Betsy Andreu, the wife of Lance Armstrong’s former teammate Frankie Andreu, appeared on CNN’s “Anderson Cooper 360” immediately after an Oprah Winfrey interview and said, "I'm really disappointed."
"He owed it to me. You owed it to me, Lance, and you dropped the ball,” Andreu continued. "After what you've done to me and my family and you couldn't own up to it. And now we're supposed to believe you?"
Andreu, who became emotional during the interview, said, "You had one chance of the truth, this is it. If he's not going to tell the truth, if he can't say 'yes, the hospital room happened' then how are we to believe everything else he is saying?"
Andreu said she heard Armstrong telling doctors at Indiana University Hospital that he had used performance-enhancing drugs when he was being treated for cancer in 1996, according to a BBC report.
While Armstrong has referred to Betsy Andreu in the past as “crazy,” he told Winfrey that he had apologized to her for that remark. The 41-year-old former cyclist neglected to comment on whether the hospital conversation took place. "I'm not going to take that on," he said.
Furthermore, Armstrong told Winfrey that he was not a fan of the sport’s governing body, the UCI.
In the “AC30” interview, Andreu rejected that, saying: "When he says he doesn't like the UCI, that's a bunch of crap. He had the UCI in his back pocket. Lance wasn't a leader. That's a bunch of crap, because he owned the team. Why did they make sure Frankie's contract wasn't renewed in 2000?"
Andreu also alleged that her husband did not have his contract renewed after refusing to take part in a doping program.
Fallout as a result of the Armstrong/Winfrey interview continued as the United States Anti-Doping Agency has called on Armstrong to admit to the full extent of his use of performance-enhancing drugs under oath.
Following the broadcast of the interview, Usada's chief executive Travis Tygart said in a statement: "Tonight, Lance Armstrong finally acknowledged that his cycling career was built on a powerful combination of doping and deceit.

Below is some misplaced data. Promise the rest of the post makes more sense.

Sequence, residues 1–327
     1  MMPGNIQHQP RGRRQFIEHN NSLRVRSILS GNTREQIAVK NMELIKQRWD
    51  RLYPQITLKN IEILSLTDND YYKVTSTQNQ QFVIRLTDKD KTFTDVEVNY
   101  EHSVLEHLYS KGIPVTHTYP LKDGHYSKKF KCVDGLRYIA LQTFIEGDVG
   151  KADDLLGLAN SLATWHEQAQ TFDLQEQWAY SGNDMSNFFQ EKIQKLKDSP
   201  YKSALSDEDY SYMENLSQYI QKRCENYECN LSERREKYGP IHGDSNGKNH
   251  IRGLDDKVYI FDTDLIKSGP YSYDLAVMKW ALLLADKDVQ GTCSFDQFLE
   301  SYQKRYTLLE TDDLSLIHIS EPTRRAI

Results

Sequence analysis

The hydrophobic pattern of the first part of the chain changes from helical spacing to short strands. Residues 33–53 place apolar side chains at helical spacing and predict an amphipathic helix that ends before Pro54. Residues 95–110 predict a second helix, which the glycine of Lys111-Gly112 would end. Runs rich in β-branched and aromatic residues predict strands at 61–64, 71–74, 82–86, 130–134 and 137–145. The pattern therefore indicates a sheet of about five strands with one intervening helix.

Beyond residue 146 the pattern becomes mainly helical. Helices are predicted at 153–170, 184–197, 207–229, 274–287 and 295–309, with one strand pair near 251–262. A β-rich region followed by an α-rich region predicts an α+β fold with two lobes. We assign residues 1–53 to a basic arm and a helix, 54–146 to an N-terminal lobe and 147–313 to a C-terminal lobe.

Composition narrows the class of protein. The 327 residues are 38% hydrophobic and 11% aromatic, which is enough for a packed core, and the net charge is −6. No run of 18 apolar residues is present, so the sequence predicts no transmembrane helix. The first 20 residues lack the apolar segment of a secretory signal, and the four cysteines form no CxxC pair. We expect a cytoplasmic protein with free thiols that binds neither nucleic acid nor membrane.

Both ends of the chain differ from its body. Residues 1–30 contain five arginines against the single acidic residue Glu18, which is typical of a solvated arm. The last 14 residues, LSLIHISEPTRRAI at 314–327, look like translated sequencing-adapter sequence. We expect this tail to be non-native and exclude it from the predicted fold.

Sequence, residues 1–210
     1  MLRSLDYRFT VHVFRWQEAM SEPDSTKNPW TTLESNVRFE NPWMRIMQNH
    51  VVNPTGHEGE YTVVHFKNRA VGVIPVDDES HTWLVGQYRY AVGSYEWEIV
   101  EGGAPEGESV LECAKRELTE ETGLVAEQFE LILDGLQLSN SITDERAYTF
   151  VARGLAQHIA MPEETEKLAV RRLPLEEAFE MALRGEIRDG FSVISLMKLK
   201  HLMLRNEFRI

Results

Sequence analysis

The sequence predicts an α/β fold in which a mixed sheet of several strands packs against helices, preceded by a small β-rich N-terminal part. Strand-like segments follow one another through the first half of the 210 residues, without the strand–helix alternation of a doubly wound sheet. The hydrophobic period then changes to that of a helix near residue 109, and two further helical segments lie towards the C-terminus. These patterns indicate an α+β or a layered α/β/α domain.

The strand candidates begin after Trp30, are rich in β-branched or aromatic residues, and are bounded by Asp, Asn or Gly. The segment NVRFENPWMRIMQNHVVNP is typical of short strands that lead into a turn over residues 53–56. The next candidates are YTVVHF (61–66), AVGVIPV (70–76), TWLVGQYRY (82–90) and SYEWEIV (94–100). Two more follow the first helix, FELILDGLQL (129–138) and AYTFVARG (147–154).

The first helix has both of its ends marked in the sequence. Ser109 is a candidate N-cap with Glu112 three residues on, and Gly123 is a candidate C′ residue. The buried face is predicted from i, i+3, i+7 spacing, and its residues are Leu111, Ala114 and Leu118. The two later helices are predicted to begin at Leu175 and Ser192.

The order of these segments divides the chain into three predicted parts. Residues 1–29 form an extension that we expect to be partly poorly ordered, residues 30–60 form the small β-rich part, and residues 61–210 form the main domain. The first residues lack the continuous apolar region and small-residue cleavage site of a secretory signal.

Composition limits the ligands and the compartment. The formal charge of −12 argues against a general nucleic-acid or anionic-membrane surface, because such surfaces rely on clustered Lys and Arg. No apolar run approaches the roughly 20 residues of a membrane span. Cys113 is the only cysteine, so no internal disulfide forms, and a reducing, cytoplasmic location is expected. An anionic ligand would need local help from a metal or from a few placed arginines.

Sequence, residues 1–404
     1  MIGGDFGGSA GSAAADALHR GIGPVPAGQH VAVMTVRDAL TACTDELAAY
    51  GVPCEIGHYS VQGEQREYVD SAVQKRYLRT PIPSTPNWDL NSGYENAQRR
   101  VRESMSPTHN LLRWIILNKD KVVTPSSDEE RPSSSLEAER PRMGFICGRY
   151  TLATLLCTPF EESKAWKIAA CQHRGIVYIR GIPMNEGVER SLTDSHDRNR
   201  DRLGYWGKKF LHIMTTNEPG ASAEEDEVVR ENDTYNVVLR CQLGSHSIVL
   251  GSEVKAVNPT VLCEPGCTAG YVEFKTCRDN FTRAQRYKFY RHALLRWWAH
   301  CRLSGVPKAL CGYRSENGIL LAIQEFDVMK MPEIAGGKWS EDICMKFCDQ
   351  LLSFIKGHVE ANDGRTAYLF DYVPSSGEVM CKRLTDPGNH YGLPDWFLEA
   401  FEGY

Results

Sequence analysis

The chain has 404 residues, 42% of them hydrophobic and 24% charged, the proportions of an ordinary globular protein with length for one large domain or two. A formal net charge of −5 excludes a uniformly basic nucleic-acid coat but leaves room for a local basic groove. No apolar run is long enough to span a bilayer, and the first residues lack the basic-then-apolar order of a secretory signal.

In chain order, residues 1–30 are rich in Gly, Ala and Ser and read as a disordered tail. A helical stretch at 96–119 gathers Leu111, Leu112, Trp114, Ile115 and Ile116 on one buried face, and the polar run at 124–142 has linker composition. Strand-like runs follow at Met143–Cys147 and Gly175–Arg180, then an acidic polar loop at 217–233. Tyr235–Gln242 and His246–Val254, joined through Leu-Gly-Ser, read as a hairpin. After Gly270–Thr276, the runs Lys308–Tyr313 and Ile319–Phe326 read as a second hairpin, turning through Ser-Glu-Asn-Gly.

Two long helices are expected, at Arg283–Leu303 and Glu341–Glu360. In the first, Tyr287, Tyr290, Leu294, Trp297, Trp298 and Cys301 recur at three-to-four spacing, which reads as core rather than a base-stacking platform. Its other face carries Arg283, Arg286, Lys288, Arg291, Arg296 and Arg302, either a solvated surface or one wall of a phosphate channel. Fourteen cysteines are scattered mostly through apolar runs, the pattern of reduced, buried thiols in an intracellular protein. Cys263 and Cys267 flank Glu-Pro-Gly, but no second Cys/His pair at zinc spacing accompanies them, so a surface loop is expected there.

"His admission that he doped throughout his career is a small step in the right direction. But if he is sincere in his desire to correct his past mistakes, he will testify under oath about the full extent of his doping activities."
In November 2012, Armstrong stood down as chairman of the Lance Armstrong Foundation, known as Livestrong, in an effort to “spare the foundation any negative effects as a result of controversy surrounding” his situation.
"We at the Livestrong Foundation are disappointed by the news that Lance Armstrong misled people during and after his cycling career, including us," a recent statement from the charity read.
"Earlier this week, Lance apologised to our staff and we accepted his apology in order to move on and chart a strong, independent course.
"We look forward to devoting our full energy to our mission of helping people not only fight and survive cancer, but also thrive in life after cancer.
"Even in the wake of our disappointment, we also express our gratitude to Lance as a survivor for the drive, devotion and spirit he brought to serving cancer patients and the entire cancer community.
"Lance is no longer on the foundation's board, but he is our founder and we will always be grateful to him for creating and helping to build a foundation that has served millions struggling with cancer.
"Our success has never been based on one person – it's based on the patients and survivors we serve every day, who approach a cancer diagnosis with hope, courage and perseverance.
"They have been, are and always will be our focus."
Further comments from those close to Armstrong included Britain's former Olympic champion Nicole Cooke.
After Armstrong claimed he only doped to create "a level playing field," Cooke told BBC Radio Five Live: "If he was trying to convince himself by arguments like that, he's got no morals – he is a disgusting human being.
"The sad thing is that there were clean riders who had livelihoods, whole careers stolen from them by that. We're probably not going to see those people vindicated in any way through this.
"I don't think he grasps the scale of what he's done and its impact on so many people."
Cooke insisted there are still questions to answer about Armstrong's doping and the other parties involved.
"I think we still need to get to the bottom of the Lance Armstrong fraud," she said.
"Floyd Landis [who was also stripped of a Tour title] said that he was able to cover up his positive tests with officials and we really need to find out the answer to those questions. We're close to the bottom but we still need to uncover the last few things."
My name is Carey Vanderborg and I'm a journalist working in New York City. I love food, travel, craft beer, live music and writing about all of the above.